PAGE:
Looking to expand your guitar skills and add a unique flavor to your music? Learn how to play the whole tone scale on guitar!
This sequence of notes organized by pitch will give your playing an exotic touch.
In this article, we’ll guide you through the ins and outs of the whole tone scale, from its definition to practical techniques for playing it on the guitar.
Discover the versatility and applications of this scale in various genres and enhance your musicality.
Let’s dive in!
- The whole tone scale is a hexatonic (6-note) scale that is organized by pitch.
- The whole tone scale can be visualized and played on the guitar fretboard using a moveable pattern with the 6th string as the root note.
- The whole tone scale is versatile and can be used in various guitar genres, including classical, jazz, blues, funk, and rock.
- When using the whole tone scale on guitar, it is important to experiment with different patterns, modify chord progressions, and incorporate techniques such as triads, arpeggios, and improvisation to develop your own style.
Understanding the Whole Tone Scale
Understanding the Whole Tone Scale involves familiarizing yourself with its unique structure and intervals. The whole tone scale is formed by stacking whole steps, resulting in a series of six consecutive whole tones. This creates a symmetrical pattern that lacks a tonal center, giving it a distinct and ambiguous sound.
When played on the guitar, the whole tone scale can be visualized using moveable and open position patterns. In the moveable pattern, the root note is played on the 6th string, allowing you to slide the pattern up and down the neck to access different whole tone series.
In the open position pattern, the scale is played using open strings and fretted notes, providing a different range and tonality. These visual representations of the whole tone scale patterns on the guitar help in understanding and applying this unique scale in different musical contexts.
More about guitar scales read here: https://riff-mag.com/what-are-guitar-scales/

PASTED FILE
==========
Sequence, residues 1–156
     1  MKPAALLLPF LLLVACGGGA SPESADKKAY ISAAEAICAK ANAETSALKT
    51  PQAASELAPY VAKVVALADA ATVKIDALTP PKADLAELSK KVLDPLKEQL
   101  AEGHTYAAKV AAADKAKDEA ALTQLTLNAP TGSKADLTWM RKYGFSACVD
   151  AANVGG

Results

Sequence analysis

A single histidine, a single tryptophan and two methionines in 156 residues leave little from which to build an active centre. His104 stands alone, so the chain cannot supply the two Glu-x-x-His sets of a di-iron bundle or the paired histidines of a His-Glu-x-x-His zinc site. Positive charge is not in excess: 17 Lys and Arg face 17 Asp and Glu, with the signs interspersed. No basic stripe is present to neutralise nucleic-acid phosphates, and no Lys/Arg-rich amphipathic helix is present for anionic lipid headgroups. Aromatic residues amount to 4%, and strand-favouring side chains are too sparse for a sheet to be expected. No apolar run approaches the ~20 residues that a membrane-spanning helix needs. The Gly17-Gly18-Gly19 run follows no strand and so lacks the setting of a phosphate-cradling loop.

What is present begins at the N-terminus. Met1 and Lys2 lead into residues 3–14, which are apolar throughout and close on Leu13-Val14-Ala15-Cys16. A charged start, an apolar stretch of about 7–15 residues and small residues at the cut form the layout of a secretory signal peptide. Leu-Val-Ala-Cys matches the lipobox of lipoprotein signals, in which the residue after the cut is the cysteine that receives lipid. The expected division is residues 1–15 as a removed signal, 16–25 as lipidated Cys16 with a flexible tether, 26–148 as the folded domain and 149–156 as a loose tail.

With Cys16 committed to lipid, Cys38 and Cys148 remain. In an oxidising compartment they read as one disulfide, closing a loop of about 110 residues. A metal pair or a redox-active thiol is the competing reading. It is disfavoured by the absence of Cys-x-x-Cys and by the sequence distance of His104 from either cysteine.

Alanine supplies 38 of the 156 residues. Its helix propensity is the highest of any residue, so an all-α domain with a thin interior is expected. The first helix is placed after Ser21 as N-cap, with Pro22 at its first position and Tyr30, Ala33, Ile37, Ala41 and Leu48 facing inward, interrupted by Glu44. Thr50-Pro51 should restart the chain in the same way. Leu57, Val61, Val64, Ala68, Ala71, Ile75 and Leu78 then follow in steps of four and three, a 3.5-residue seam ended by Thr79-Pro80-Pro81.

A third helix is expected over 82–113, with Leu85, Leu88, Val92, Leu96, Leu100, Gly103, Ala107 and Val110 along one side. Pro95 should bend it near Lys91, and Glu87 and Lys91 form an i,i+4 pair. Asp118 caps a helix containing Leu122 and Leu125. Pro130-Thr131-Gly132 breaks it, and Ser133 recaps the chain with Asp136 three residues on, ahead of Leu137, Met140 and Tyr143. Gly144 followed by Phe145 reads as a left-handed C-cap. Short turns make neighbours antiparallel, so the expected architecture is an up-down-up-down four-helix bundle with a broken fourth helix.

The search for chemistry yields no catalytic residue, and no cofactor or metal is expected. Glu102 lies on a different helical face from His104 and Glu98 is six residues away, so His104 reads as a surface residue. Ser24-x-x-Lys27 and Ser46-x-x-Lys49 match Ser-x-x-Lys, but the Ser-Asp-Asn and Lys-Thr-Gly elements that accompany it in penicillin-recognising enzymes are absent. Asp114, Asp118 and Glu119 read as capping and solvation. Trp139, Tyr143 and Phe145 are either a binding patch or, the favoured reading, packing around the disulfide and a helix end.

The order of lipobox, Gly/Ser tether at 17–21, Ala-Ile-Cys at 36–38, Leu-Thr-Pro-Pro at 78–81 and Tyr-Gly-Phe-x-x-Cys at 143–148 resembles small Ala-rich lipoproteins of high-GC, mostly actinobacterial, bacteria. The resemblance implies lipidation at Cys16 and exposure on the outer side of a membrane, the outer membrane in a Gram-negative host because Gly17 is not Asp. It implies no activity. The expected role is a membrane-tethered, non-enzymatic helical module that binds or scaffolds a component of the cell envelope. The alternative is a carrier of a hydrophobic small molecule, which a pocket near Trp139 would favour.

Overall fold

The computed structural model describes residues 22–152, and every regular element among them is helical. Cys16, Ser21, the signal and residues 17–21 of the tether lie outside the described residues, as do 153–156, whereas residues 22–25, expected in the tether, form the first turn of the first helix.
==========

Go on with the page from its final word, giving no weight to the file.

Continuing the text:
Formation of the C Whole Tone Series and Its Intervals
Once you grasp the concept of the whole tone scale, you can easily understand the formation of the C whole tone series and its intervals.
The C whole tone series consists of the notes C, D, E, F#, G#, and A#. These notes are named based on their major scale degrees, with C being the root or tonic.
When playing the C whole tone series on the guitar, you can explore alternative fingerings to find the most comfortable and efficient way to navigate the scale.
Analyzing the harmonic implications of the whole tone scale, you’ll notice that it creates a sense of ambiguity and tension due to its symmetrical nature and lack of a tonal center.
This makes the whole tone scale a popular choice for creating dissonance and adding a sense of mystery in various musical contexts.
Visualizing and Playing Scales on the Guitar Fretboard
To effectively navigate the guitar fretboard, you can start by familiarizing yourself with the patterns and positions of scales. When it comes to playing scales on the guitar, it’s crucial to visualize the fingerings and practice techniques.
The guitar fingerings for scales are specific patterns that can be moved up and down the fretboard to play scales in different keys. These patterns help you to navigate the guitar and play scales in a fluid and efficient manner.
Practicing techniques such as scale drills, using a metronome, and gradually increasing the tempo will help you develop speed and accuracy when playing scales on the guitar.
Moveable Whole Tone Scale Pattern for Guitar Using the 6th String as the Root Note
Start by placing your index finger on the 6th string at the designated fret, and follow the moveable whole tone scale pattern to play the scale in different keys.
The moveable whole tone scale pattern on the guitar using the 6th string as the root note allows you to easily slide the pattern up and down the neck to access different keys.
This pattern consists of playing the root note on the 6th string, then moving up two whole steps to play the next note, and repeating this pattern until you reach the octave.
The whole tone scale is known for its unique and dreamy sound, making it a great choice for exploring variations and patterns in different genres such as jazz, fusion, and contemporary music.
Playing Whole Tone Scales in Open Position on the Guitar